Hello winter, nice to meet you. What’s that you say? We’ve met before? Ah yes, I think I remember. Cold mornings, dark afternoons, muddy backyards, and frosty windshields. How could I forget? Yet I seem to, every year.
Maybe it’s like childbirth? Your brain makes you forget the details, or you’d never go through it again.
Anyway, my point is I’m a summer girl and although winter is not all bad, constant colds, chesty coughs and sinus infections are. Our immunity or lack of, is a complicated thing.
The immune system is made up of a complex combination of cells, organs, specialised fluid and tissues that span every inch of your body including your digestive system and even your skin. Without feeling a thing, your lymphatic vessels and lymph nodes filter fluid and monitor for foreign bodies; macrophages then engulf and destroy them if found. Your spleen produces white blood cells and immune enhancing compounds, while your thymus is busy making T cells to protect you against bacteria, parasites, viruses and fungi. All while you sleep or watch Next Top Model.
These amazing processes all work together to form a system that our bodies rely on for survival. Without an immune system we wouldn’t last long.
So be kind to your body in winter, and learn about some of the myths abounding about immunity.
Five myths about immunity
1. ‘If you get sick you have bad immunity’ – Getting sick is okay actually. The real measure of a person’s immunity is how long they take to get over a cold. If you bounce back after a week, that’s fine. But if it progresses on to hacking bronchitis and blocked up sinus infections that’s when you need to help your immune system out. On that note, have you ever met someone who washes down their cigarettes with 5 coffees a day but hasn’t had a cold in decades? I see them in the clinic quite often. They’re usually proud of their track record, but in fact it’s a bad sign. It often means the immune system is so under functioning that it can’t even muster a response to the viruses it comes into contact with. This leaves you more prone to autoimmune diseases and certain cancers. It’s better to have 2-3 sore throats or sniffles that last a few days over the winter. Keeps you immune system in practised.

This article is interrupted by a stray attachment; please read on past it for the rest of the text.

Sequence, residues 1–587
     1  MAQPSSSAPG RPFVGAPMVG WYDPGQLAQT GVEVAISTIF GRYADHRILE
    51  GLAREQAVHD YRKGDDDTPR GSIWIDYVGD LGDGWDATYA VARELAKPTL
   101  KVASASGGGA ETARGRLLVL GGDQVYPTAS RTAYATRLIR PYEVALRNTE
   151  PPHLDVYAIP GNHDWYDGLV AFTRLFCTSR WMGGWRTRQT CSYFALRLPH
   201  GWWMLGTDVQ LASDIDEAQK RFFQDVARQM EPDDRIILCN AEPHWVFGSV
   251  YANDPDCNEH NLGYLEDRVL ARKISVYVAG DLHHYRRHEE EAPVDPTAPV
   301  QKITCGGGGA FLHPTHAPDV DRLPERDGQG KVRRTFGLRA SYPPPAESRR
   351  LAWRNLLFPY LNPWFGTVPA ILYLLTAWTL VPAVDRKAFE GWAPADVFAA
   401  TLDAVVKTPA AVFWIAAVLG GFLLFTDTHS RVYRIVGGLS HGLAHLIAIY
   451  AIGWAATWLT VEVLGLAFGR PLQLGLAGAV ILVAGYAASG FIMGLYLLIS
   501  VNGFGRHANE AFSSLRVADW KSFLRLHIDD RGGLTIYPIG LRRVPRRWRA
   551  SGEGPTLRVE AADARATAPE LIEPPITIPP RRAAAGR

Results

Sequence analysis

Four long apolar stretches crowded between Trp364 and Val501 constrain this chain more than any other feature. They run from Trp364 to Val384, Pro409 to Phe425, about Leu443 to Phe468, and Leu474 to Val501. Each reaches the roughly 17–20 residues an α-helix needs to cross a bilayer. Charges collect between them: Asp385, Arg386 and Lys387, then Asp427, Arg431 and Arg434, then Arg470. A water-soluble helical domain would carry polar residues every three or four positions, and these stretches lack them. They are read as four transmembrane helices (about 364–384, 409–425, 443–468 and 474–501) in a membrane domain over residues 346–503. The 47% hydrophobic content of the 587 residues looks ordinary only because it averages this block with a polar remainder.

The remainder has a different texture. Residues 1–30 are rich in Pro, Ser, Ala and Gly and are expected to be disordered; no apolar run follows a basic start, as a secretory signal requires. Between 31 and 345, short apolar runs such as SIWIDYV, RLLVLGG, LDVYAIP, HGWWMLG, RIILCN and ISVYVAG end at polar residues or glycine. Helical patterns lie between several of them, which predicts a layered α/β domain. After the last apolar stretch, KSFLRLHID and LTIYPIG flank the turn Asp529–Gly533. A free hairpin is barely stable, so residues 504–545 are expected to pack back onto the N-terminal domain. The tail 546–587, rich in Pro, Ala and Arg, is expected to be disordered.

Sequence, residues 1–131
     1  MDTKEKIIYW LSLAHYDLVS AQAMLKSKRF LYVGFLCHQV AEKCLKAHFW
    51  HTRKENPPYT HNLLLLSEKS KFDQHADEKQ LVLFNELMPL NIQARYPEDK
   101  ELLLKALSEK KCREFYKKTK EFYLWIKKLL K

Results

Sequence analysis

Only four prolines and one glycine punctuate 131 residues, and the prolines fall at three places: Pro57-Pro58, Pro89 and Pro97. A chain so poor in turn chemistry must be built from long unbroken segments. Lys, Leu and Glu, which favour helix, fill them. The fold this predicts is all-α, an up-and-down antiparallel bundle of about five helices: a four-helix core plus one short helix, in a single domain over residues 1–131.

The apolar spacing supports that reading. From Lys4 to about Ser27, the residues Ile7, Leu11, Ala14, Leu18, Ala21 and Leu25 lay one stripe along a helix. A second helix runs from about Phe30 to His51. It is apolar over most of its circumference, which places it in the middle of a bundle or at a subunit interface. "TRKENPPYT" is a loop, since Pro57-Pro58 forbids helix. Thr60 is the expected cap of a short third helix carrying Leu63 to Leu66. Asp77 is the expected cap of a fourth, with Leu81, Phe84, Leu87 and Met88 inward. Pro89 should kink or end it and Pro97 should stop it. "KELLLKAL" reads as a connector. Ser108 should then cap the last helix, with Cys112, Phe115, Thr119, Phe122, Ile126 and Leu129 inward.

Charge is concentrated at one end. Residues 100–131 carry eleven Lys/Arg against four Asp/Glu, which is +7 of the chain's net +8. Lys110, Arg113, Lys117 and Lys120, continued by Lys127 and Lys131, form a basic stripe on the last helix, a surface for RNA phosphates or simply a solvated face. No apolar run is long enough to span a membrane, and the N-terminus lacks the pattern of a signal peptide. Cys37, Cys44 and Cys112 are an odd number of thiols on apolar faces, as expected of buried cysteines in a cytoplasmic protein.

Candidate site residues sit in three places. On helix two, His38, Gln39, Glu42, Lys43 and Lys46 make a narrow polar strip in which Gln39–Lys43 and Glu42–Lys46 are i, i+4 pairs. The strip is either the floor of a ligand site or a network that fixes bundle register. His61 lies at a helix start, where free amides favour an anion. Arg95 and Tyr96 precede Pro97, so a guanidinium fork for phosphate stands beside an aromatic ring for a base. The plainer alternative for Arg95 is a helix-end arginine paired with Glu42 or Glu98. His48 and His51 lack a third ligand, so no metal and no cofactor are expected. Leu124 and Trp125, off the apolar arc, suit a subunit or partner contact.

2. ‘Orange juice and honey drinks help you get better’ – Step away from the orange juice sniffles! People hate to hear that orange juice and honey drinks only hinder your immune system. The truth is that the fructose (sugar) in these things only reduces your white blood cells ability to fight infection. A study (the neutrophilic phagocytosis study out of Loma Linda University, California) showed the effectiveness of neutrophils (our most abundant type of white blood cell) was suppressed after ingestion of sugar. That is, their ability to phagocytose (engulf microbes) was reduced. In this study subjects were given 100gm of sugar and after 5 hours a 50% reduction in neutrophil activity was seen. 50%! That is astounding to me. The suppression continued at a lower level for some time. The types of sugar given were glucose, sucrose, honey, fructose and orange juice. They all had this effect. So although most of us wouldn’t have 100gm of sugar in one sitting, even a much smaller will impede your recovery.
3. ‘But aren’t oranges full of Vitamin C?’ – Yes they do contain Vitamin C, but capsicums (especially the red ones) have 3 times more Vitamin C than oranges, and without the sugar. Broccoli contains twice the amount of Vitamin C, also without the sugar. Go for those instead when you have a cold.
4. ‘Look at my tan, I can’t be Vitamin D deficient’ – half of those working in office jobs become Vitamin D deficient over winter. When you really think about it, how many days do you go from your house to your car to the office to your car to your house again? Never to have the sun bathe your skin. Vitamin D reduces the frequency and severity of colds and flu’s (among many other things) and it’s deficiency rates are starting to reach an epidemic level. Having a tan or darker skin means more melanin in the skin which blocks the action of sunlight on Vitamin D precursors. Basically, the darker your tan or skin colour the longer sun exposure you need to get enough vitamin D. Very fair skinned people also tend to be more vitamin D deficient due to sun avoidance. It’s a fine line to tread between not enough and sun damage. In New Zealand the Ministry of Health is very reluctant to quantify how much sun exposure is required, while in Australia the numbers are helpfully specific. General guidelines are 10 minutes of sunshine mid-morning or afternoon every day during the summer and upping it to 30 minutes around midday during winter. Your arms and shoulders should be bare.
We can’t get enough Vitamin D from food but it all helps. You’ll find it in small amounts in mackerel, herring and sardines, egg yolks and liver (yum!).
5. ‘Nothing will cure a cold’ – this is only partly myth really. It’s true that once you have a cold it’s course will run. But there are some things that have been proven to reduce the frequency, duration and severity of colds. Zinc is probably the best researched. Timing and dosage is critical though. Ideally start at the first sign of a cold and take 15mg’s every 2-3 hours. Be sure to have it with food, and only at this dose for a couple of days, then reduce to a lower maintenance dose of 30mg’s daily. This should see you reduce your cold by 3 days! I employ many herbs and other nutrients depending on person’s specific symptoms. Like so many things quality natural medicine is the key. Hopefully a past experience with a dodgy Echinacea tablet that did nothing hasn’t vowed you off nature’s pharmacy for good.
And of course prevention is the best cure. So don’t eat yourself sick with sugar and fake food. Get back to basics, put your gumboots on and enjoy the muddy backyard.